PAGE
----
HWInfo introduced a new feature which exposes underhanded methods in some X570 motherboards, eventually shortening the lifespan of the AMD Ryzen CPUs. The new feature reports “CPU Power Reporting Deviation”. This works on any platform and shows the deviation when you run a multi-threaded test.
Findings showed X570 motherboards are intentionally misreporting voltage measure specifically for the Ryzen processors. Because of this misreporting done by the motherboard which feeds the data to the processor, it boosts performance. While it does ‘trick’ the CPU to provide more performance, it is done at the expensive of the processor’s lifespan. Allegedly, this practice is pressured on the manufacturers by AMD. Whether the reduction of lifespan is known by both parties is unknown for now. The other issue is that there was no way for users to know about this clandestine setting.
The findings are posted by the one of the prolific overclockers ‘The Stilt’ on HWInfo forums. He was able to find this issue pertaining to X570 motherboards. He said:
I’d like to stress that despite this exploit is essentially made possible by something AMD has included in the specification, the use of this exploit is not something AMD condones with, let alone promotes. Instead, they have rather actively put pressure on the motherboard manufacturers, who have been caught using this exploit.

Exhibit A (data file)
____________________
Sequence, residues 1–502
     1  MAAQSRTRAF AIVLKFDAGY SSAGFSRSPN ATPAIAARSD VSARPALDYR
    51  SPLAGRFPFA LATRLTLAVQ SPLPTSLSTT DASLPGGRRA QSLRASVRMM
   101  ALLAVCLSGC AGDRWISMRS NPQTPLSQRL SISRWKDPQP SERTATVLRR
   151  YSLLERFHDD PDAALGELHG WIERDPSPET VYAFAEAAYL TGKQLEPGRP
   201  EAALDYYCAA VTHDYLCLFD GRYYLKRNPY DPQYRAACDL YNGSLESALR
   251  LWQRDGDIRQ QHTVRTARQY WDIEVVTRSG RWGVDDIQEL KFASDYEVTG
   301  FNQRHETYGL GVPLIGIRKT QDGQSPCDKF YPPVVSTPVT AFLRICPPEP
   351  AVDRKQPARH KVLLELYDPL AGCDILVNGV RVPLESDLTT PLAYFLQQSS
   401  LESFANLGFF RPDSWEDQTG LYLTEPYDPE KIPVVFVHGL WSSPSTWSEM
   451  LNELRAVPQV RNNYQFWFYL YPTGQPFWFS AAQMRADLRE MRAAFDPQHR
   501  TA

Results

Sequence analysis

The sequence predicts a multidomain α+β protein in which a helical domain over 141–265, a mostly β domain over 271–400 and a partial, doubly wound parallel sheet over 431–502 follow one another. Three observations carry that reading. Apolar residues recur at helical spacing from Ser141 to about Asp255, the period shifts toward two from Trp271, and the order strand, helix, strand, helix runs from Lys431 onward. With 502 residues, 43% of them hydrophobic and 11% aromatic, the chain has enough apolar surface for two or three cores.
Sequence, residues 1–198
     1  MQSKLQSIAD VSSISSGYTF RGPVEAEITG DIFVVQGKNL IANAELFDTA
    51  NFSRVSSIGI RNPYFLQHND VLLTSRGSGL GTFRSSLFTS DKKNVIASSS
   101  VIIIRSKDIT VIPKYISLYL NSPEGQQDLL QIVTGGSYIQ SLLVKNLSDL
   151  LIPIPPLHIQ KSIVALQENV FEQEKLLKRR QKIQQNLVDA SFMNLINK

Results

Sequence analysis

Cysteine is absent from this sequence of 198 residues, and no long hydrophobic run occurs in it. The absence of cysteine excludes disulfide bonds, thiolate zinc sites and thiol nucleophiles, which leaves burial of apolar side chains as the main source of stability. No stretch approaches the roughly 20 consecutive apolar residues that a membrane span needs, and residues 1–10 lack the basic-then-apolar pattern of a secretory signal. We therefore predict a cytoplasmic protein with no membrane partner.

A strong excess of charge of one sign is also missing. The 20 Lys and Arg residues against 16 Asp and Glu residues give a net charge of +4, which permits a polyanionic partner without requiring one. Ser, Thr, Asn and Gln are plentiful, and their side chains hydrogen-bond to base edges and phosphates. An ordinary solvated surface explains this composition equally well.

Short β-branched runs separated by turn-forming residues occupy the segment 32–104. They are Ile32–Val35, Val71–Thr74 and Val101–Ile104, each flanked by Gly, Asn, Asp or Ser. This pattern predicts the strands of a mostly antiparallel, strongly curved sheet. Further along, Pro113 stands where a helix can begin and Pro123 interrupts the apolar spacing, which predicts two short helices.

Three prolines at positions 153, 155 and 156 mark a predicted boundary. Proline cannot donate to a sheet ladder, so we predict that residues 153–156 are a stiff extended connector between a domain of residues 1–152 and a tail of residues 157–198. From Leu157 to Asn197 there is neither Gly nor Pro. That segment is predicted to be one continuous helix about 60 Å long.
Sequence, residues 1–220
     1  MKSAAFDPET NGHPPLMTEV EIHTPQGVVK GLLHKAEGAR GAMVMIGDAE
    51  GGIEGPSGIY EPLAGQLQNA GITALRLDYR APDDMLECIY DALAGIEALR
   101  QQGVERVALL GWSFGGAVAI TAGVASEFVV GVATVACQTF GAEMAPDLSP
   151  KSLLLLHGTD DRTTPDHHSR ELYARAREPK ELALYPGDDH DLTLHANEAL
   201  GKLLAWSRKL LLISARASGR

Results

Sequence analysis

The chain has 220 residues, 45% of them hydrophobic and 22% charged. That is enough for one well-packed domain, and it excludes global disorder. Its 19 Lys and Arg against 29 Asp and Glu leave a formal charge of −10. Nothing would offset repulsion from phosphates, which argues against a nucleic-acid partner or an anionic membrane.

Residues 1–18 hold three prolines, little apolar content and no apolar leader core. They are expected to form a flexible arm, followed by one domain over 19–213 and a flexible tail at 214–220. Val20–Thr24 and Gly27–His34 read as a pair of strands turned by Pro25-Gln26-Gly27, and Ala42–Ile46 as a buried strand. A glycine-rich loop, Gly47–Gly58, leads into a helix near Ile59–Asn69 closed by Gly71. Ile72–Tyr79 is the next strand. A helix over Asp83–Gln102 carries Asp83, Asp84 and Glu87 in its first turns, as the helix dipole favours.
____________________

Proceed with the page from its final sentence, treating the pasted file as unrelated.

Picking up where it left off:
Isn’t this overclocking?
In practice, it sounds like overclocking, It isn’t since the voltage bump is done at stock settings. Under default settings, Turbo speed is kept enabled by default. As a result, CPUs are forced to consume more power and generate more heat. Both factors help to reduce Ryzen CPU’s lifespan, unknown to the user until now.
The Stilt provided an extensive report in the forums. He explains how the exploit works:
Some motherboard manufacturers intentionally declare an incorrect (too small) motherboard specific reference value in AGESA. Since AM4 Ryzen CPUs rely on telemetry sourced from the motherboard VRM to determine their power consumption, declaring an incorrect reference value will affect the power consumption seen by the CPU. For instance, if the motherboard manufacturer would declare 50% of the correct value, the CPU would think it consumes half the power than it actually does.
As of now, there is no comment from AMD or any of the motherboard partners. The updated utility can be download in HWInfo’s website.